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Globalizing environmental justice: The geography and politics of frame contextualization and evolution

Research output: Contribution to journalJournal articlepeer-review

Published
<mark>Journal publication date</mark>1/12/2009
<mark>Journal</mark>Global Social Policy
Issue number3
Volume9
Number of pages28
Pages (from-to)355-382
Publication StatusPublished
<mark>Original language</mark>English

Abstract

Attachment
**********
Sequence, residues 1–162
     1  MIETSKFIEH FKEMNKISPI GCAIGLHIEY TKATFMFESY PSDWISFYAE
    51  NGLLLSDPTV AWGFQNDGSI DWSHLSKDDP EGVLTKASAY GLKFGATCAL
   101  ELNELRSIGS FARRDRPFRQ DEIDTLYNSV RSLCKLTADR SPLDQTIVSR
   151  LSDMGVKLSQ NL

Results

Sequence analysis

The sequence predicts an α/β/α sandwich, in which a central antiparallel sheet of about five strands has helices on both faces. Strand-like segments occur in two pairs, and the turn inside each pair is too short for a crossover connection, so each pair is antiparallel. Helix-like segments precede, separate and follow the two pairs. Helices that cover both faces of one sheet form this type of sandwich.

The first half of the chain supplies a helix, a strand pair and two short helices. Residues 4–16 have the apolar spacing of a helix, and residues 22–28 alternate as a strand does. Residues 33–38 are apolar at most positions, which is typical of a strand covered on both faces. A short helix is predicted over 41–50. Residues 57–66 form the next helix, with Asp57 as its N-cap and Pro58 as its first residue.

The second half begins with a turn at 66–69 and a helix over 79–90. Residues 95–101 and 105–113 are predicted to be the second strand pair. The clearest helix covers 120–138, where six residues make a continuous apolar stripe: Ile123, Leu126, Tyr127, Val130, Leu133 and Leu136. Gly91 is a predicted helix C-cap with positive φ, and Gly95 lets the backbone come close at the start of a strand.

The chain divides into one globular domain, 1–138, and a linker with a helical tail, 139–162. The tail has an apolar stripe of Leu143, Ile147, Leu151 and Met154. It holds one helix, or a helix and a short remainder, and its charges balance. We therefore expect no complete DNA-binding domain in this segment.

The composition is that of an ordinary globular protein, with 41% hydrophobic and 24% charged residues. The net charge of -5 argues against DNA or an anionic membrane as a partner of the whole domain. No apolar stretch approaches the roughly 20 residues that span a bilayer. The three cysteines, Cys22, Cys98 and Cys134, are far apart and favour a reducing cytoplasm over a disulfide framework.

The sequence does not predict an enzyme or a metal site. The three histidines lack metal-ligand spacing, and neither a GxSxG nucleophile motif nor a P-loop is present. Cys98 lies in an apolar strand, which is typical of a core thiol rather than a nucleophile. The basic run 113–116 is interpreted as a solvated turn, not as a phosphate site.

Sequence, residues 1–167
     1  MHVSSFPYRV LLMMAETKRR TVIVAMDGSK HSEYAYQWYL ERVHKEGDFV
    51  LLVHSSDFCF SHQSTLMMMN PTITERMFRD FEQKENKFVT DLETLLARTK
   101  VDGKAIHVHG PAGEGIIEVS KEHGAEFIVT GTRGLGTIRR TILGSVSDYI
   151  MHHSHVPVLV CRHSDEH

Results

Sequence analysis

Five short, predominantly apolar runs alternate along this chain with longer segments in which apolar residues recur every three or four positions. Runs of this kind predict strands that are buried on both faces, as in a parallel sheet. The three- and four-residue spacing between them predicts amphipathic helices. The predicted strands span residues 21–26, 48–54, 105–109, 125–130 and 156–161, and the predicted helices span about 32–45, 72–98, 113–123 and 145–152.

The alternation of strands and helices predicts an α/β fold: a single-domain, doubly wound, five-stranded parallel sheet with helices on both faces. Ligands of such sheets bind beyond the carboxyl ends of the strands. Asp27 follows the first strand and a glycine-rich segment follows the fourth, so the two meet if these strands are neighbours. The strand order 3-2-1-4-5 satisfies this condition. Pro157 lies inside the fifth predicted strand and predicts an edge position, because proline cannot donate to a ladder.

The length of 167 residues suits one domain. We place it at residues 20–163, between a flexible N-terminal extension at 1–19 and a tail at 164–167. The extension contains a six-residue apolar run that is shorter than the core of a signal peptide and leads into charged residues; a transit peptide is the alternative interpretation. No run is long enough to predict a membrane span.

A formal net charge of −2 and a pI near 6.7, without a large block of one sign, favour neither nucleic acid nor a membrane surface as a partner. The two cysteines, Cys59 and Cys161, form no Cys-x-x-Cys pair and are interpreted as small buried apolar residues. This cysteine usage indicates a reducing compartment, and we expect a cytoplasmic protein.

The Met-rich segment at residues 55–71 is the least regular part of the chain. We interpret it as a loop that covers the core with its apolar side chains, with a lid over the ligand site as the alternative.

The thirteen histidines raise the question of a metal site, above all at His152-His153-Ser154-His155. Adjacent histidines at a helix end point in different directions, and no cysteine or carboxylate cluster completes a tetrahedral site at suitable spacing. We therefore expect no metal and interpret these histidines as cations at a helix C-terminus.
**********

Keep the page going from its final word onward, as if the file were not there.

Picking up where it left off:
The use of the language of environmental justice as a frame for collective action on socio-environmental concerns has now evolved and extended far beyond its original formulation in the USA. This article examines two ways in which the use of the environmental justice frame has globalized. The first involves the international emergence of ideas, meanings and framing processes in new settings around the world. The 'horizontal' diffusion of an environmental justice frame is traced, examining processes of transfer, reproduction and contextualization that are taking place within the political and institutional cultures of different countries. The cases of the UK and South Africa are examined in detail. The second involves the 'vertical' extension of the environmental justice frame to encompass concerns that do not end at national borders but that involve relations between countries and global scale issues such as trade agreements, transfers of wastes and climate change. The implications of these two shifts, the tensions that have emerged around them and their relevance to the pursuit of progressive global social policy objectives are considered.